On war, Thoreau was against the American- Mexico war of 1846. To Thoreau this was a ploy by the southerners to expand their slavery to the south west. In protest to slavery and not paying taxes he was jailed an act he considered as civil disobedience. It was in this period that he concluded being against slavery and war was simply not enough and thus the need for civil disobedience. Henry David in his essay titled, Civil Disobedience, advances his belief that the best government is the one that rules least. A government allows the citizens to conduct themselves without interfering or imposing its will on them. He continues to narrate his belief that most governments are the tool to accomplish people’s wishes. Henry believed that a government that does not meet the needs and aspirations of the citizens has no reason to continue existing as it would have failed in meeting its basic role. He talks of the government’s existence as a condition for the protection of individual rights. As he would later learn from experience, taking up the role of ensuring the government meets the needs of the citizens and choosing not to live by the set government involves consequences. The price of non-conformity to the government can be very heavy on those deemed deviant to it.
Thoreau acknowledges that nonconformity to government set regulations that may be unjust comes at a price. If a citizen decides that because the government does not give him the services he needs, then it is the role of that citizen to avoid at all costs no to pay taxes to the same government. Governments are likely to use your taxes to execute what your belief is unjust, and that makes you part of the system. He encouraged people to boycott paying taxes in such cases and f they were imprisoned, it would be a worthy course. He suggested that prison would be the best residence of any man within unjust society (Thoreau, pg. 2).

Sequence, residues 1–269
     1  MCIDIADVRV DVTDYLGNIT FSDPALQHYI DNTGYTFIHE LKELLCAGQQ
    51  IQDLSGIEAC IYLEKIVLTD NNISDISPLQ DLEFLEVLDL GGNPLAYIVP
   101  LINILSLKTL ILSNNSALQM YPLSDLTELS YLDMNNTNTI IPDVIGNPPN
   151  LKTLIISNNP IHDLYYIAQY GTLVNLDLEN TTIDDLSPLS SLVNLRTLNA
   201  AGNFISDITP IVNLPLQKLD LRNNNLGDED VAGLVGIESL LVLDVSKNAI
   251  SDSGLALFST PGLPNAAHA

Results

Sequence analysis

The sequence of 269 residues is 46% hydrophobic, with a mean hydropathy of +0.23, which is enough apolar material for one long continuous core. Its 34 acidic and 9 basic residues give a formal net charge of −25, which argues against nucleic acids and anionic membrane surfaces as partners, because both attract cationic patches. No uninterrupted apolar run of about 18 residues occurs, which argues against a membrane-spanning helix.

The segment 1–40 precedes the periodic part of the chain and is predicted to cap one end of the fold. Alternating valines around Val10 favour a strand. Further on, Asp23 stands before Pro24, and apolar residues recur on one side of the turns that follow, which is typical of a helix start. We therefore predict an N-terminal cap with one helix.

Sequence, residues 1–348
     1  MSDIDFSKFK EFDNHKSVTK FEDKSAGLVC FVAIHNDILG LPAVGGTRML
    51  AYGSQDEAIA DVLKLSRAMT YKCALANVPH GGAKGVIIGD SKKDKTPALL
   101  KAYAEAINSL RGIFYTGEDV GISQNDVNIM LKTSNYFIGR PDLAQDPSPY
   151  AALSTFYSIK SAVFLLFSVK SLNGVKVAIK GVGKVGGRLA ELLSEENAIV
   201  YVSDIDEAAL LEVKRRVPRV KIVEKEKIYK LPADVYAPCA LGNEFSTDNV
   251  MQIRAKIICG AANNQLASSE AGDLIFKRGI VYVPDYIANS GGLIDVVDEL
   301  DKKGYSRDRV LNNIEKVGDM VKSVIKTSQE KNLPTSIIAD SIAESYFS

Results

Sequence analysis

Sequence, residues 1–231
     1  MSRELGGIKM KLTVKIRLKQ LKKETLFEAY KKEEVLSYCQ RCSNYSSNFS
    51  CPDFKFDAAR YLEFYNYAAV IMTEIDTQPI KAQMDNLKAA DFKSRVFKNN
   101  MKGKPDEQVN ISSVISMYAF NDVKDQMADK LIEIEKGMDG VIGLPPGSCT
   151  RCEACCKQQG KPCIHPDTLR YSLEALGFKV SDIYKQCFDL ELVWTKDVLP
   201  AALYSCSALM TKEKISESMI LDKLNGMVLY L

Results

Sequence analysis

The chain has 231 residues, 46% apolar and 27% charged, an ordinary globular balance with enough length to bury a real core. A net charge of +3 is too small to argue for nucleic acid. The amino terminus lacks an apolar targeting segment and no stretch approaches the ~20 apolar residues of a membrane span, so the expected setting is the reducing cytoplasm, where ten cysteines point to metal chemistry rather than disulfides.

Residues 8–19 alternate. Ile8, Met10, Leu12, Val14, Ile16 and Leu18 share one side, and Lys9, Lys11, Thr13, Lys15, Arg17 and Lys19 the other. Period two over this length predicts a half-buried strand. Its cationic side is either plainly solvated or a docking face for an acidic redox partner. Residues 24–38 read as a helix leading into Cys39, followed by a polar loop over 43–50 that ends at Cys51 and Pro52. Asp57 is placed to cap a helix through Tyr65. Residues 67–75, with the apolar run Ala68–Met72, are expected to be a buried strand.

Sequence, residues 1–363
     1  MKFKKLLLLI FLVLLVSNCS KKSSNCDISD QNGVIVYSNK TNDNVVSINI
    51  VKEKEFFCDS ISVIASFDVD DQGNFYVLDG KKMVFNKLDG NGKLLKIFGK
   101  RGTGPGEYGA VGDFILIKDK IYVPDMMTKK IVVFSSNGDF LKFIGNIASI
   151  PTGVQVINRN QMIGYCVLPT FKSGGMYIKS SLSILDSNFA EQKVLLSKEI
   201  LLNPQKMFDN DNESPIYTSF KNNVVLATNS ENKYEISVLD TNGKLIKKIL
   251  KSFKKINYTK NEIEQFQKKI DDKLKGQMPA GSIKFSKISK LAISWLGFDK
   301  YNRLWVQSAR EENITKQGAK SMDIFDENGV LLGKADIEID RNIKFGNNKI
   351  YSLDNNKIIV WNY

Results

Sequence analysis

Thoreau outlines that you cannot achieve justice if people think they can achieve it passively through voting. He outlines practicing just like the convenient way of having a just society. People should consider their obligation not to support the execution of unjust acts or give it any practical support. In his essay, Thoreau narrates that the minority can be agents of unjust by conforming to the demands of the majority. He refused to pay the poll tax to the government he considered corrupt this led to his arrest and imprisonment for a day (Thoreau, pg. 3). After spending a day in prison, someone paying for him the tax and he was set free. He narrates of the ordeal in prison and the trouble he had to go through just because he refused to conform to the unjust system. They serve prisoners with breakfast through a hole in the prison door in small pans made from tins. The pans could only hold the brown bread, a piece of chocolate and an iron spoon given to them. He even narrates the hard life in prison where a comrade seized his vessels as he was returning bread remains. The comrade advised to keep the bread for lunch or dinner and even informed him that he has to work in a hay field within the neighborhood.
In conclusion, Thoreau was a philosopher wo was too brave during his time. he addressed issues such as slavery, freedom and war topics that most philosophers would not because of fear of government actions including jail time which he served. It is his philosophies that may have helped the black people fight for their freedom and rise up in protest against slavery. Thoreau did not rule out violence in fighting for one’s freedom. He defended John Browns attack to the federal arsenal at Harper Ferry in Virginia an attempt to spark slave revolution. Thoreau’s views on consumerism are still applicable today and we should probably borrow a few of his ideals.
Glick, Wendell P. “Thoreau and the” Herald of Freedom”.” New England Quarterly (1949): 193-204.
Lytle, George W. “Just Say No to Consumerism: The Continuing Relevance of Henry David Thoreau.” Hwa Kang Journal of English Language & Literature 2 (1996): 77-89.
Thoreau, Henry. Where I lived, and what I lived for. Vol. 37. Penguin UK, 2005.
Thoreau, Henry David. “Resistance to civil government.” Revista Filosofía UIS 15.1 (2017).
Thoreau, Henry David. Collected essays and poems. Vol. 124. Library of America, 2001.